Recognizing that diagnostic errors are a problem for all practitioners, we saw the opportunity to use Isabel Diagnostic Decision Support System (DDSS) to improve the diagnostic skills of Advanced Practice Nurse (APN) students in the Pediatric Nurse Practitioner (PNP) and Family Nurse Practitioner (FNP) programs at Columbia University School of Nursing. While the use of DDSS has been studied in health care providers, the use of decision support among APN students has not been studied.
Study: Nursing Diagnosis Skill at Columbia University: The goals of our study are to evaluate the confidence and diagnostic accuracy of PNP and FNP students over the course of their program, track diagnostic accuracy over the study period, and evaluate differences in diagnostic accuracy between FNP and PNP students in reviewing pediatric cases.
Isabel IDEAS Program at Columbia: This innovative project utilizes a separate program within Isabel called Isabel IDEAS. The IDEAS program uses online cases which are developed based upon actual cases without revealing protected health information. Cases represent three level of diagnostic difficulty: easy, medium, and hard. Experienced PNPs reviewed the cases and critiquee the actual denouement and differential diagnoses generated by Isabel to create a gold standard for diagnostic decision making for each case. Prior to using the Isabel DDSS, students read the cases in IDEAS, document the history and physical exam, enter their differential diagnosis, diagnostic tests, and treatment plan and rate their level of confidence for each case. The student repeats the process of differential diagnosis, diagnostic test, and treatment plan following use of the Isabel DDSS. The denouement of the case is made available to the student after a specified period of time.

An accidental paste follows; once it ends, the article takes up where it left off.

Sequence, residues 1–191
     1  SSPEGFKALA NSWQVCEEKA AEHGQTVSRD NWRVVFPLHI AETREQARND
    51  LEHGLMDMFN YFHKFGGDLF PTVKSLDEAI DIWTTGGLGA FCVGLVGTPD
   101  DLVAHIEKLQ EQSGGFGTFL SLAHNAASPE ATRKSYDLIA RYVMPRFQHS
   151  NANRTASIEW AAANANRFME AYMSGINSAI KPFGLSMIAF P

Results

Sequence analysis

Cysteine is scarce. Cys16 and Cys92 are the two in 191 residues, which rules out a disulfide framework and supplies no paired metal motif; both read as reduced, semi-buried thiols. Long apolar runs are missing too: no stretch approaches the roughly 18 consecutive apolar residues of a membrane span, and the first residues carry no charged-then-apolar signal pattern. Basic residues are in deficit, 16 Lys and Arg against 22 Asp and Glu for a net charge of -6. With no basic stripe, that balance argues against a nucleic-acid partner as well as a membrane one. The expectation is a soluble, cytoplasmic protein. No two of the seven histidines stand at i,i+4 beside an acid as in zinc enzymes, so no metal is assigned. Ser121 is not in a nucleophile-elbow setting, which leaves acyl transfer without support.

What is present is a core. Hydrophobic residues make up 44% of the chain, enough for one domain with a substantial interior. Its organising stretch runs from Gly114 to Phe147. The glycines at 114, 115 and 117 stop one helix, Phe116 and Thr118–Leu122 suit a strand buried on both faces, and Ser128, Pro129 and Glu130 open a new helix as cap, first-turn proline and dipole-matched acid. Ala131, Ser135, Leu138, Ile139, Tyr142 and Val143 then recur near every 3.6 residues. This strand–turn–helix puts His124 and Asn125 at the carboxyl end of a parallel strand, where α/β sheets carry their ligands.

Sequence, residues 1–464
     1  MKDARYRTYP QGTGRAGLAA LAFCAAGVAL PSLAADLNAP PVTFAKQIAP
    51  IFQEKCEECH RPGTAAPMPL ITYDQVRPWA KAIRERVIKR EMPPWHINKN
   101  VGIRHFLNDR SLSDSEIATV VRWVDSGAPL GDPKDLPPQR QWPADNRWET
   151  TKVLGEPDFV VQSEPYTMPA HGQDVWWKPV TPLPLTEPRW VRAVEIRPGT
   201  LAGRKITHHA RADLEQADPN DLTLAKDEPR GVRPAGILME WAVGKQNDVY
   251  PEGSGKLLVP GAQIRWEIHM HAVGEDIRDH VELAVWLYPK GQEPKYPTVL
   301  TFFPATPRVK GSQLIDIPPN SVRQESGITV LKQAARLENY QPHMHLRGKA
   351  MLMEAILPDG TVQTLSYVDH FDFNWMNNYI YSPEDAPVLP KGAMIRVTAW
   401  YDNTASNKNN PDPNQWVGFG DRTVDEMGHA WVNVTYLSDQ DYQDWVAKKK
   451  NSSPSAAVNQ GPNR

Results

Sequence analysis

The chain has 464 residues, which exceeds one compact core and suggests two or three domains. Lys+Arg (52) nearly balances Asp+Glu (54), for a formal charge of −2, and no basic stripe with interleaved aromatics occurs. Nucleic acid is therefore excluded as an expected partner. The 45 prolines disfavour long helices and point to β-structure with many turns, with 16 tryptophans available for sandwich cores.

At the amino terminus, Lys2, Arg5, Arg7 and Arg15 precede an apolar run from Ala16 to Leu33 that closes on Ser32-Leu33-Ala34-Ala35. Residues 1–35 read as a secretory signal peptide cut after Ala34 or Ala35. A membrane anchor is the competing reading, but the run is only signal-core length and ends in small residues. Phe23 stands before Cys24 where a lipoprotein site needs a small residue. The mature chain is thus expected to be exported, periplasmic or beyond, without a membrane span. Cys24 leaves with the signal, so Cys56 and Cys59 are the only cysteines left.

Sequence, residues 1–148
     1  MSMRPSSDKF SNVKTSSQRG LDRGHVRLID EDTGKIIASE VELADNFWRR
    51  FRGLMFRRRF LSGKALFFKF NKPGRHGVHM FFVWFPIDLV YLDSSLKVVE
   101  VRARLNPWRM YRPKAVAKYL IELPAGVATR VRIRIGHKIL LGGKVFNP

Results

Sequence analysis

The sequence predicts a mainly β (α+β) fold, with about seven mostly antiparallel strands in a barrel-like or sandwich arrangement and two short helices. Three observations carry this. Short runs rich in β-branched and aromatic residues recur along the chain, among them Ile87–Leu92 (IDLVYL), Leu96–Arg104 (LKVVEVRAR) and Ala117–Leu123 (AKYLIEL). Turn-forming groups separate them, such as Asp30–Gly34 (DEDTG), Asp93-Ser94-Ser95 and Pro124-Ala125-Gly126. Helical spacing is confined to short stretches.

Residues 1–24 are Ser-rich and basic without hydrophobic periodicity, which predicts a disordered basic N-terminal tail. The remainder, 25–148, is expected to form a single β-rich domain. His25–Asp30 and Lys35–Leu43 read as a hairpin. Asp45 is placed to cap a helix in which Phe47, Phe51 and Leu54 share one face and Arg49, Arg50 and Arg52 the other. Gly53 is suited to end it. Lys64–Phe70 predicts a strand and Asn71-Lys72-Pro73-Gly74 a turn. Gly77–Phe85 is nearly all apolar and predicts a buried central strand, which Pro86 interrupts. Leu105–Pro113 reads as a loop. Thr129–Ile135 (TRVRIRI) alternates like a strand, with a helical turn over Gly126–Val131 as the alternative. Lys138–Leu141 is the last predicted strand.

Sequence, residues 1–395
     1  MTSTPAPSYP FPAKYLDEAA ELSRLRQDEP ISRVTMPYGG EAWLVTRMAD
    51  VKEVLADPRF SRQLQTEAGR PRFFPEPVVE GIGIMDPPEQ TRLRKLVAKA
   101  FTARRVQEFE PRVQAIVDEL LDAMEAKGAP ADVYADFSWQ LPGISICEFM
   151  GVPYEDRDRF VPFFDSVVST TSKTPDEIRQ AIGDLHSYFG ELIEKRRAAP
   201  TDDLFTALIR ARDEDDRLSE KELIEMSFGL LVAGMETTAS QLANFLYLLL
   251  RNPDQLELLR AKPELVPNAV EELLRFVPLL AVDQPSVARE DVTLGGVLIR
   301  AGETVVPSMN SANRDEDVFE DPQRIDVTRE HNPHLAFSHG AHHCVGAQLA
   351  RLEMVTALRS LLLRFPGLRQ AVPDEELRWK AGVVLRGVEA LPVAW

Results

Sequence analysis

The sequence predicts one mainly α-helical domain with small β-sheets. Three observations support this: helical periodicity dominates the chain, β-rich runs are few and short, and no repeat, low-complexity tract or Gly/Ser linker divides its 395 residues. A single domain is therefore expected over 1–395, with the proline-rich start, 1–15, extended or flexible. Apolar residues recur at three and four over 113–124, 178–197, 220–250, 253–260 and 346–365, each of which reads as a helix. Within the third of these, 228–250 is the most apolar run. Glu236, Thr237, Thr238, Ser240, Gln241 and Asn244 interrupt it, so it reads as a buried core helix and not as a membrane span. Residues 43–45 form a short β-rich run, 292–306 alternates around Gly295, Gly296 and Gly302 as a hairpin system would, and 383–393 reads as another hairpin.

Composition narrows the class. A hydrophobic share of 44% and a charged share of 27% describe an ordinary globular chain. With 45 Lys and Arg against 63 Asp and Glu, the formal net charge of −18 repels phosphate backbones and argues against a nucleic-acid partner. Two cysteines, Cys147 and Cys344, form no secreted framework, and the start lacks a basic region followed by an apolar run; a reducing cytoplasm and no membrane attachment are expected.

Student Diagnosis Results: Students completed a total of 20 cases over two semesters and were graded on their work so that they would take the case generation seriously. In each semester, there was only one student in the PNP program that did not complete all 20 cases. Informally, students have reported that reading the denouement helped them understand diagnostic reasoning. The harder cases posed a challenge to some of the students. In all of the cases, the right diagnosis was obtained by at least one of the students. Students had more difficulties with the two cases that were unusual and had never seen in clinical practice. Students felt that deciding on which differential to list was challenging at times. In some cases, there was no difference between the pre and post Isabel in differential, diagnostics, or plan. This will need to be explored further in a focus group.
We are still in the process of data evaluation and are excited to see what the results will show.
~ by guest writer: Rita John, DNP at Columbia University Medical Center